FOSTER: Some breaking news for you coming into CNN. The United Nations General Assembly has voted on a resolution which condemns human rights violations in Syria, has called for an end to violence. It was a vast majority of countries voted in favor but there were some abstentions and some voted against and the rest of technicalities being dealt with this at this point but the vote has been carried by such a wide margin. It is a symbolic vote really. It's not binding on the ground. It doesn't make a huge amount of difference on the ground but it does send a very, very clear international message to Syria that what's going on in that country has been condemned by the international community. What we really want to find out now is who voted against. It will be interesting to see where Russia voted, where China voted. Non-binding votes but have they softened somehow? Did they abstain on this particular vote? The suggestion is that they voted "No." But it's interesting to see who those "No" votes were from and the abstentions as well.

We have been speaking to a Russian expert who says this isn't a hugely-important vote. Lots of people will be voting knowing it's non- binding so it's not hugely significant and won't make a difference. But actually, it does give a very clear message to Syria on this day.

We're going to a quick break. By then we're going to bring in Richard Roth. He's been analyzing the figures for us and would be telling us exactly where China and Russia put their votes this time around.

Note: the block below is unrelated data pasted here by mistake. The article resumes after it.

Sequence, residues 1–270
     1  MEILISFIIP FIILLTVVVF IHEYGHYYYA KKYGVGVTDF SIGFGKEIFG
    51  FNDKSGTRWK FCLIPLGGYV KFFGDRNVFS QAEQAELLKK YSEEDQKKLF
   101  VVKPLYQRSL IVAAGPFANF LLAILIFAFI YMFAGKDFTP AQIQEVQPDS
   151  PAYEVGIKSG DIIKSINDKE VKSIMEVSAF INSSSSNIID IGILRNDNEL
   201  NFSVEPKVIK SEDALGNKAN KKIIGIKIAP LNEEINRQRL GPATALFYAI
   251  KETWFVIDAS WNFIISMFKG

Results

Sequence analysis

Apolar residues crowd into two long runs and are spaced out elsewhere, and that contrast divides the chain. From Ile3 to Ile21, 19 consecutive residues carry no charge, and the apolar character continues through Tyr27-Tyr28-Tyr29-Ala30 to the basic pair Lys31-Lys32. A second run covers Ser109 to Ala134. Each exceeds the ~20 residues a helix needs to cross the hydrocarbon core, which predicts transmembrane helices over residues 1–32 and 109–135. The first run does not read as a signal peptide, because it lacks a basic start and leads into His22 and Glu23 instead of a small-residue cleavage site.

(COMMERCIAL BREAK)

FOSTER: You're watching CONNECT THE WORLD on CNN, the world's news leader, taking you straight back to the United Nations General Assembly where there has been a U.N. vote condemning Syria. It's non-binding but it's a very strong message. They voted this way: 137 votes in favor of the resolution, 12 against, 17 abstentions. Trying to work out for you where China and Russia voted.

The United States' state department making very clear that this resolution demands an end to the cycle of violence perpetuated by Assad's regime in Syria. The resolution also demands the release of all prisoners seized arbitrarily during the demonstrations in Syria. And the resolution also demands safe access for monitors, media, and aid workers to Syria. But it's non-binding so Syria doesn't have to do as it says here but it does give a very clear message. Just so you know, there's some technicalities being ironed out here at the General Assembly but the vote has been passed because it was by such a wide margin. 137 votes in favor of this resolution.

Other stories we're following for you - a Thai police official says a group that set off explosions in Bangkok intended to strike Israeli diplomats. Israel accuses Iran of plotting the attacks as well as others in India and in Georgia. Bangkok police say one bomb blew off the leg of an alleged attacker who was found with Iranian documents. So far, two suspects have been arrested and charged. A third suspect was detained in Malaysia and faces extradition.

At least six people were killed when a school bus collided with a truck outside the Palestinian city of Ramallah. Five of those killed were students. Dozens more were injured when the bus overturned and burst into flames. One witness called the accident the most terrible thing he'd ever seen. A Palestinian Authority President - the Palestinian Authority President, rather, Mahmoud Abbas declared a three-day mourning period.